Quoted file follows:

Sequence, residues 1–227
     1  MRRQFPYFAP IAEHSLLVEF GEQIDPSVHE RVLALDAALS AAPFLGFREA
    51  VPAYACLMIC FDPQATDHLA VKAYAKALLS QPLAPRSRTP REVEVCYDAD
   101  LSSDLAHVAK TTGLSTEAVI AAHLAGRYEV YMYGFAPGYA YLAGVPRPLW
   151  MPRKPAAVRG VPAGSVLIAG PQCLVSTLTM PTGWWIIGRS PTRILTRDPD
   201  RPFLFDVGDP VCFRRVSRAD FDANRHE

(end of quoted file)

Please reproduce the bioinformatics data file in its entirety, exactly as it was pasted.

Sequence, residues 1–227
     1  MRRQFPYFAP IAEHSLLVEF GEQIDPSVHE RVLALDAALS AAPFLGFREA
    51  VPAYACLMIC FDPQATDHLA VKAYAKALLS QPLAPRSRTP REVEVCYDAD
   101  LSSDLAHVAK TTGLSTEAVI AAHLAGRYEV YMYGFAPGYA YLAGVPRPLW
   151  MPRKPAAVRG VPAGSVLIAG PQCLVSTLTM PTGWWIIGRS PTRILTRDPD
   201  RPFLFDVGDP VCFRRVSRAD FDANRHE